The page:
Some of these tiny organisms are a natural and healthy part of your body, like in your gut, where they help you digest food. Others can make you sick. Most cases of pneumonia in U.S. adults are caused by bacteria. Antibiotics can kill them and help you get better.

 

Pneumonia: Legionnaires’ Disease

Yes, this is a form of pneumonia. This less common form is caused by Legionella bacteria. You may have a headache, muscle pain, chills, and very high fever. You may also cough up blood and have nausea, vomiting and diarrhea. It spreads through water and can get in things like air conditioners, hot tubs, and mist sprayers in grocery stores. It’s also treated with antibiotics.

 

Pneumonia: Virus Causes

The flu virus is the most common cause of viral pneumonia in adults, but any virus that infects your mouth, nose, throat, or lungs can lead to it. The symptoms are usually milder than with bacterial pneumonia, and your body can typically fight it off in 1 to 3 weeks.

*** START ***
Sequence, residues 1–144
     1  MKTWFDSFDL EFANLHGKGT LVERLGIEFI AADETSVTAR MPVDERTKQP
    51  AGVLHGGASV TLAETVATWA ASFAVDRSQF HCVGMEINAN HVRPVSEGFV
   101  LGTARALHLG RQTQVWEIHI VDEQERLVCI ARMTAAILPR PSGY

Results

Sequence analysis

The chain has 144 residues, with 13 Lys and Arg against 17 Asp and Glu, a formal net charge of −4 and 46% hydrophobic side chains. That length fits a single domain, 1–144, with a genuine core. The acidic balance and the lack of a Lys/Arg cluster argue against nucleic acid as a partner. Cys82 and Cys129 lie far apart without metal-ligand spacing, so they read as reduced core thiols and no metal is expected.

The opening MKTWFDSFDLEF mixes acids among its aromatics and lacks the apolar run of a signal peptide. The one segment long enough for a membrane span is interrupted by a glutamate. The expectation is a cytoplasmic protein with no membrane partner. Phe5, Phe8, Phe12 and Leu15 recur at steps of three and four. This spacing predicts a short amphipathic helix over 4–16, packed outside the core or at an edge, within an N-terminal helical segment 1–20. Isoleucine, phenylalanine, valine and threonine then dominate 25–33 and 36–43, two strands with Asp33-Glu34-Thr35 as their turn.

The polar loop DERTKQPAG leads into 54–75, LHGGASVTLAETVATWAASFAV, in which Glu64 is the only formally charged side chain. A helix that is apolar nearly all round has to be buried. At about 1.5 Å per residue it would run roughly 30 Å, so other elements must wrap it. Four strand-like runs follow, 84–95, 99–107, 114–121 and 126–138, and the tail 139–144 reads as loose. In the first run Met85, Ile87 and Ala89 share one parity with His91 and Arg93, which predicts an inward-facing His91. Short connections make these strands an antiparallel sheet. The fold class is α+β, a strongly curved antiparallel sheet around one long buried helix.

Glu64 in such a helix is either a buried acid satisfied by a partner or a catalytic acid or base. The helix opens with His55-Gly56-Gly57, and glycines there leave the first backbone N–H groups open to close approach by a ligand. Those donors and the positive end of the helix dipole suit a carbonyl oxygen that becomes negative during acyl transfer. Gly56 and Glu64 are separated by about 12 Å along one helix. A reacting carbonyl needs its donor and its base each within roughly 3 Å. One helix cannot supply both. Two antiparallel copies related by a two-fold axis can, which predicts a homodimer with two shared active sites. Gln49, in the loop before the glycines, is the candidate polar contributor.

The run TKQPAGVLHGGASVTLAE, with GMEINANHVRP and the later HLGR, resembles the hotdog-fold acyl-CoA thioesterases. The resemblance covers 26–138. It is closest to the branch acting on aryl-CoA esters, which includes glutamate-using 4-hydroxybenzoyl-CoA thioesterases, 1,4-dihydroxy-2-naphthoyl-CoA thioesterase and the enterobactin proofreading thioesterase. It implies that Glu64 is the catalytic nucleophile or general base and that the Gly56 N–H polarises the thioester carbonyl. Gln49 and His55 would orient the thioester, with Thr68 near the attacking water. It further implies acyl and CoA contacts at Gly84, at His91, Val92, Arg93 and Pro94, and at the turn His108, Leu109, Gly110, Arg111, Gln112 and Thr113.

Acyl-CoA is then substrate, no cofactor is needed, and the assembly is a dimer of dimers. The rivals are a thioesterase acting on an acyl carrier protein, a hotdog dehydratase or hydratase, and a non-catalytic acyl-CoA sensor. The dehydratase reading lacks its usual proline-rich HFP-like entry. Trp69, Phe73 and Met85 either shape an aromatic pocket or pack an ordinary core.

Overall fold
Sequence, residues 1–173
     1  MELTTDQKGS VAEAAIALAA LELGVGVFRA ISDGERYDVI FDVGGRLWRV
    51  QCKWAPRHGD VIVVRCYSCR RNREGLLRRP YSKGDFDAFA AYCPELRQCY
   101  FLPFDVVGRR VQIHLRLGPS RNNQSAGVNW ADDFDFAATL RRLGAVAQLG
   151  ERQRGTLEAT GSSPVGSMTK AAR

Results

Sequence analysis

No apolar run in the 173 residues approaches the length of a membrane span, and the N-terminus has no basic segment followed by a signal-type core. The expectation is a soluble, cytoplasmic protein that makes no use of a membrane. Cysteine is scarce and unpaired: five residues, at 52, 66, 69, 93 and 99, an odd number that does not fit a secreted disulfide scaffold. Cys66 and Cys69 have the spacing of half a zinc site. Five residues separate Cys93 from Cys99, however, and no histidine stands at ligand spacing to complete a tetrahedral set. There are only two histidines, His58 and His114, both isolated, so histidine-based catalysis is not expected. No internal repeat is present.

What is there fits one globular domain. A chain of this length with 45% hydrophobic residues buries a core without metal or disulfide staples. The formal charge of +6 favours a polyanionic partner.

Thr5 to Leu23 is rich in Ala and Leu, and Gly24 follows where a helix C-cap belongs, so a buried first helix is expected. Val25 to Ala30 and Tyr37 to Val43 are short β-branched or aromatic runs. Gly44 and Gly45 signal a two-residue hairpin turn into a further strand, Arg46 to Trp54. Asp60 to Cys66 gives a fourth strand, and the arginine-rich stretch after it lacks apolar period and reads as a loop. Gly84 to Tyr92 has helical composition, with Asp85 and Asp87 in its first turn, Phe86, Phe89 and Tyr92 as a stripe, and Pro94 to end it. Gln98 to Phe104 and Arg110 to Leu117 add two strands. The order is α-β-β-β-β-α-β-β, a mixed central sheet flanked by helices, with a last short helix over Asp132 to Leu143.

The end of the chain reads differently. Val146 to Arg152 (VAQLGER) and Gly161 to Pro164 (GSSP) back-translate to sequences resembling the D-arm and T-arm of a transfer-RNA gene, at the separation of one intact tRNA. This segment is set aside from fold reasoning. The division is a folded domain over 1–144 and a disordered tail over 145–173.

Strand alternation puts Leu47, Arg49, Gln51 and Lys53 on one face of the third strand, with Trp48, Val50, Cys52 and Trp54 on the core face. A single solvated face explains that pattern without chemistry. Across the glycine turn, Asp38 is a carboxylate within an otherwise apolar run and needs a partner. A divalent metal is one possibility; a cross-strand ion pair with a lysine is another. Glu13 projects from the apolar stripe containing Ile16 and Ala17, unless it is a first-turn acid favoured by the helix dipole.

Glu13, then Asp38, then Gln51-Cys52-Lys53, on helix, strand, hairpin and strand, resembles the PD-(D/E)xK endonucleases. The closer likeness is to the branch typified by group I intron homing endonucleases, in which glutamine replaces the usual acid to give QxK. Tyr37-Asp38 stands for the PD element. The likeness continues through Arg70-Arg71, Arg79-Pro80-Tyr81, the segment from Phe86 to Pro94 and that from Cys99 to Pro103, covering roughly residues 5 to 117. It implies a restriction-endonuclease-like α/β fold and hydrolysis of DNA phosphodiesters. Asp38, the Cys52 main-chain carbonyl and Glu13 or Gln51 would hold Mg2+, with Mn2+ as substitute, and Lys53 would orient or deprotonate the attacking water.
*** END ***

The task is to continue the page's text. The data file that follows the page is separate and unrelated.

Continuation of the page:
Pneumonia: Fungi Causes

Some of these are useful: Mushrooms are a kind of fungus, and mold is what makes blue cheese blue. But some can cause pneumonia. Antifungal drugs are usually used to treat it, but people who take drugs that make their immune systems weak, like some cancer drugs, can get a kind called pneumocystis pneumonia. It’s more serious and can be hard to get rid of.

 

Pneumonia: Diagnosis

You may not know you have pneumonia. It can seem a lot like a cold or the flu, until it doesn’t go away. Your doctor will ask about your symptoms and when they started, and he’ll listen to your lungs for crackling or wheezing. He may want a chest X-ray to get an image your lungs. It can tell for sure if you have pneumonia, but it won’t show what’s causing it.

 

Pneumonia: Bacteria, Virus, or Fungus?

It’s not always easy to find out what’s caused your pneumonia. Phlegm from your cough can be tested for bacteria, and urine tests can sometimes tell your doctor what’s causing it. She also may ask about recent travel, hobbies, animals, sick people you’ve been around, vaccinations, and drugs you take.